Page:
Back pain — How well does chiropractic care stack up against more conventional treatments?
By Mayo Clinic staff
For many people, low back pain follows a fairly predictable course. Nagging back pain lasts a few weeks — maybe letting up temporarily when you take a pain reliever — and then it goes away.
So where does chiropractic care fit into the picture? That's up to you to decide.
What the research says
Clinical trials indicate that chiropractic care is as safe and effective as conventional treatments — which may include pain medication, rest or exercise. But that may not be saying much. Low back pain typically improves within a matter of weeks, even for people who seek no treatment at all.
Low back pain is often caused by injuries or strains, and there's no magic cure. It simply takes time for your back to heal. But treatment of some type — either chiropractic or conventional — might make you more comfortable as you wait for this healing to occur.
What does a chiropractor do?
Chiropractic treatment is based on the concept that restricted movement in the spine may lead to pain and reduced function. Spinal adjustment (manipulation) is one form of therapy chiropractors use to treat restricted spinal mobility. The goal is to restore spinal movement and, as a result, improve function and decrease back pain.
During an adjustment, chiropractors use their hands to apply a controlled, sudden force to a joint — pushing it beyond its normal range of motion. The joint's movement may be accompanied by a popping or cracking sound.
Chiropractors may also use massage and stretching to relax muscles that are shortened or in spasm. Many use additional treatments as well, such as ultrasound, electrical muscle stimulation and exercises.
Is it safe for everyone?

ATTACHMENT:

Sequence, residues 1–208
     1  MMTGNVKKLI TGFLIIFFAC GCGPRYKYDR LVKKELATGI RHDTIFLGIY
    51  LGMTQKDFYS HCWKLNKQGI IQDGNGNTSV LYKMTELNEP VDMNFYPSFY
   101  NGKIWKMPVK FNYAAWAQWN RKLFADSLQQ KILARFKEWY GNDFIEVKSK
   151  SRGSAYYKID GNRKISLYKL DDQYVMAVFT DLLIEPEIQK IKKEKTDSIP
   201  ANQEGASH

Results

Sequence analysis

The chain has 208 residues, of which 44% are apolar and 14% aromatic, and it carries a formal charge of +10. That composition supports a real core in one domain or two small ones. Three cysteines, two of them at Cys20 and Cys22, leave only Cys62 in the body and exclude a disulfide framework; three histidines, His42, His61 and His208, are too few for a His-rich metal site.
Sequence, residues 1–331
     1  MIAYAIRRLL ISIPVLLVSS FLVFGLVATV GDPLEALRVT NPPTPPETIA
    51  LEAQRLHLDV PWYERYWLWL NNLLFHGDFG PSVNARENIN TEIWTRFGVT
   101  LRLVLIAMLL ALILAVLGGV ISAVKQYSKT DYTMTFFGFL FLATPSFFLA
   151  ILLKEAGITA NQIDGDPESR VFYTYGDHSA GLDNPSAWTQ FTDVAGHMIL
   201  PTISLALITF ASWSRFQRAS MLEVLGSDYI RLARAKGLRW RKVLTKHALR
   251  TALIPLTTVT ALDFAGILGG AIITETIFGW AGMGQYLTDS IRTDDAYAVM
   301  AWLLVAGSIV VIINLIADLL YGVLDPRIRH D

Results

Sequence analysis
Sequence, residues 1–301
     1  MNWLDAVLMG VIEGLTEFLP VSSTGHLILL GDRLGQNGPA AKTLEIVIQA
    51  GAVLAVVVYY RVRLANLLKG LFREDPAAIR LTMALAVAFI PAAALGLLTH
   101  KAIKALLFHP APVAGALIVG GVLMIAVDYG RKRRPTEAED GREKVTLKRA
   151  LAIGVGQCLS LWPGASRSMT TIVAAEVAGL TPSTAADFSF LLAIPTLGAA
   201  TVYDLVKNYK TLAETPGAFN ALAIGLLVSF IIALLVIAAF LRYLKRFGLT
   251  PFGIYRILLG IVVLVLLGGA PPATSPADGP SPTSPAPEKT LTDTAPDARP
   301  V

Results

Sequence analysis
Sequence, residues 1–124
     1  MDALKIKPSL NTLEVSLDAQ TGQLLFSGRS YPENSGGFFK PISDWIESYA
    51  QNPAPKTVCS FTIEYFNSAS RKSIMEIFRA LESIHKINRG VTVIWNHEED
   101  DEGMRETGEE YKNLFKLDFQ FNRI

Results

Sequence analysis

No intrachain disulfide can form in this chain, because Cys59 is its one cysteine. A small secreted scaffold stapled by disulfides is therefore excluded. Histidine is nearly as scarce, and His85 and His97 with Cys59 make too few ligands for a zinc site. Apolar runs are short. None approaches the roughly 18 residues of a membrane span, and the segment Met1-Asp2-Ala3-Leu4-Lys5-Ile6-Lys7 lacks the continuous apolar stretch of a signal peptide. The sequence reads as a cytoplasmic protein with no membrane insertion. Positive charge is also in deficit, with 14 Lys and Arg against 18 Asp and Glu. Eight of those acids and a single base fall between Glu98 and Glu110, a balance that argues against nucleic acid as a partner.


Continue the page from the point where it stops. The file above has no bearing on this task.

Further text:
Chiropractic care is generally considered safe, but it's not appropriate for everyone.
• Don't seek chiropractic adjustment if you have osteoporosis or signs or symptoms of nerve damage, such as numbness, tingling or loss of strength in an arm or leg.
• If you have a history of spinal surgery, check with your surgeon before consulting a chiropractor.
• Manipulation of the neck has been associated with having a stroke in rare cases.
• If you have back pain accompanied by fever, chills, sweats or unintentional weight loss, see a medical doctor to rule out the possibility of an infection or tumor.
If you're considering chiropractic care
If you'd like to try chiropractic care to treat your low back pain, a little preparation can help you get the most from your treatment.
• Consult your doctor. Talk to your doctor about the type of specialist best able to treat your back pain. In addition to chiropractors, many osteopathic physicians and some physical therapists have training in spinal manipulation.
• Make it a team approach. As with any medical specialist, select a chiropractor who's willing to work with the other members of your health care team.
• Arrange a consultation. Before you make a treatment appointment, arrange a consultation with the practitioner — either in person or by phone — to find out how he or she might address your back pain. Make sure you're comfortable with the recommendations, including how many sessions you'll need. For acute low back pain, four to six sessions are typically enough.
• Understand the risks. When limited to the low back, chiropractic adjustment has few risks.
However, manipulation of the neck has been associated with injury to the blood vessels supplying the brain. Rarely, neck manipulation may cause a stroke.
A little care and attention can help you keep back pain at bay. Maintain a healthy weight. Exercise regularly. Sit up straight. When you lift something heavy, let your legs do the work. Avoid activities that involve repetitive bending or twisting. If you sit or stand for long periods of time, take frequent breaks to walk around.